• Communicating Clearly
• Exploring Stress and Trauma
• Identifying Depression
• Relating to Children
• Working Through Anger

Each workshop is approximately 2 hours in length. Participants can take them in any order and select those most applicable to their situation. Workshops are free to military members and their families and occur in a supportive and confidential environment.

“Deployments are a fact of life in the military,” said Lauren Pearse, Service to the Armed Forces and Quality Assurance Coordinator for the Georgia Red Cross. “Whether a service member’s absence is due to a training exercise, sea duty, combat, or unaccompanied duty in a remote location, separation and reunification pose unique opportunities as well as challenges for all family members. The American Red Cross, with support from Walmart, developed a series of workshops to assist all military families in managing the family’s readjustment to the service member’s return.”

For more information about the Reconnections workshops or to register for future workshops go to http://www.redcross.org/reconnectionworkshops or contact the Atlanta Red Cross at (404)876-3302.

About the American Red Cross:
The American Red Cross shelters, feeds and provides emotional support to victims of disasters; supplies nearly half of the nation’s blood; teaches lifesaving skills; provides international humanitarian aid; and supports military members and their families. The Red Cross is a charitable organization — not a government agency — and depends on volunteers and the generosity of the American public to perform its mission. For more information, please visit http://www.redcross.org or join our blog at http://blog.redcross.org.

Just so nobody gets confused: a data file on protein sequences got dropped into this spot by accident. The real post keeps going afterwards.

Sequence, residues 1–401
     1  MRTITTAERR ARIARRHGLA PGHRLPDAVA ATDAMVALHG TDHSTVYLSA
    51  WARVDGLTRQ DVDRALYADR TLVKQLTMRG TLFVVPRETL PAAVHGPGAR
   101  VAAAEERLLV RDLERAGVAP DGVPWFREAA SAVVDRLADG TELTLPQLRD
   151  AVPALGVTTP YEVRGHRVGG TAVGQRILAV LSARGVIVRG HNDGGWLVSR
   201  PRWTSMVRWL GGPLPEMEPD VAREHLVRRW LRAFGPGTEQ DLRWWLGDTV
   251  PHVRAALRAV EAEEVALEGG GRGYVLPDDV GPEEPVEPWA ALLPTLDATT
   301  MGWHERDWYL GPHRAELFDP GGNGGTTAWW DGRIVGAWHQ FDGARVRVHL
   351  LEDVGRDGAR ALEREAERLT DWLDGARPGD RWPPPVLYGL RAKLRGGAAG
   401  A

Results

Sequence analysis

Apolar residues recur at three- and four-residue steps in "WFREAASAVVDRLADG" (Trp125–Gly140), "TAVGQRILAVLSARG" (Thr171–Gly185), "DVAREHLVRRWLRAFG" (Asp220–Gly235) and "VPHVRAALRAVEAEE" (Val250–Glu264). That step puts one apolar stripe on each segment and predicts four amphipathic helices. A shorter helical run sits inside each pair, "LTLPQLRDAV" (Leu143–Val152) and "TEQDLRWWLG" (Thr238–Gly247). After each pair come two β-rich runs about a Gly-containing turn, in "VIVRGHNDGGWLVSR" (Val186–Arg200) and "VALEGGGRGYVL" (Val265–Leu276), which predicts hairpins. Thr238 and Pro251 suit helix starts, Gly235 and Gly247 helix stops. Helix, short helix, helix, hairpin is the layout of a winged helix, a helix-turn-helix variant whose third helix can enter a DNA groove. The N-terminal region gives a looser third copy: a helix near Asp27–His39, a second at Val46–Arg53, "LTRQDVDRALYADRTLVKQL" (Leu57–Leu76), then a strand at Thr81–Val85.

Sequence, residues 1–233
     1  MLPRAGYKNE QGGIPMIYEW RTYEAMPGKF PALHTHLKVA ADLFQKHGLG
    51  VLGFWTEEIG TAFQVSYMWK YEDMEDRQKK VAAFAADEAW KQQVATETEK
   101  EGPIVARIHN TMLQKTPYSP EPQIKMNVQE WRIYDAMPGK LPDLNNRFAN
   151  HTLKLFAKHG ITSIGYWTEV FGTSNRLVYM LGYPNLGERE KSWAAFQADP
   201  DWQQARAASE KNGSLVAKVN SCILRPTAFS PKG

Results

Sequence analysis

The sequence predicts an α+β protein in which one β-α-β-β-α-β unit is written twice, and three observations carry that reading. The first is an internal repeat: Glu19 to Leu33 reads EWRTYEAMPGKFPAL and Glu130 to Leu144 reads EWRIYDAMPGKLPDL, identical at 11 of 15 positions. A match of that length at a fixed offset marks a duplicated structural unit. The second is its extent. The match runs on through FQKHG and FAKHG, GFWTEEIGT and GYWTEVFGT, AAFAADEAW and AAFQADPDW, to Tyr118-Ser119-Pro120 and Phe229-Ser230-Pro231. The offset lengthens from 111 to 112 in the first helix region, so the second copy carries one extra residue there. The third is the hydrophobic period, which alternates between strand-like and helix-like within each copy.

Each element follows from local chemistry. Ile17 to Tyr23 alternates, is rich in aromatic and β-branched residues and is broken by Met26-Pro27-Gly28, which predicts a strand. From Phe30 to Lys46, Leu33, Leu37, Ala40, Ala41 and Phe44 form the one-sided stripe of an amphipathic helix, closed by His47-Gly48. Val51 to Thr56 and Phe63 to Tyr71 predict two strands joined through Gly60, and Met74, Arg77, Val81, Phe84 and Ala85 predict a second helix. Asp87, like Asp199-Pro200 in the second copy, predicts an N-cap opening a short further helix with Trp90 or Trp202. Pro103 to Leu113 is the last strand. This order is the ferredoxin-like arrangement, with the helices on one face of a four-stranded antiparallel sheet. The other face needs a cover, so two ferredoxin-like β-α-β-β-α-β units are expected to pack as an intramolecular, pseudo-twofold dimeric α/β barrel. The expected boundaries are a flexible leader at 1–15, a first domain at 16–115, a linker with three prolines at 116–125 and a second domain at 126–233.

More Rain for Florida, Tropical Storm Activity Picks up in the Pacific

This information courtesy of the Georgia Emergency Management Agency/Homeland Security (GEMA)
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Preparedness Bulletin #8
Thursday July 12, 2012

A tropical wave southeast of the Florida Peninsula is expected to travel through the Florida Straits and into the Gulf of Mexico through the weekend, increasing moisture over the Florida Peninsula and boosting chances for rainfall, according to the National Hurricane Center. Two other tropical waves have been identified: one is in the middle of the tropical Atlantic, nearing Puerto Rico; the other recently moved off the coast of Africa. None of these waves should become stronger tropical systems because there is too much dry air in the atmosphere and too much competing wind. This pattern of low tropical activity is not expected to change this week or next.

Meanwhile another tropical storm, Fabio, has formed in the Pacific. This storm could become a hurricane within the next couple of days, but is expected to offshore of Mexico. Hurricane Emilia strengthened again to near 115 miles per hour, but is expected to gradually weaken in the next 12 hours. That storm is currently southwest of the southern tip of Mexico’s Baja California and is moving west at 12 miles per hour.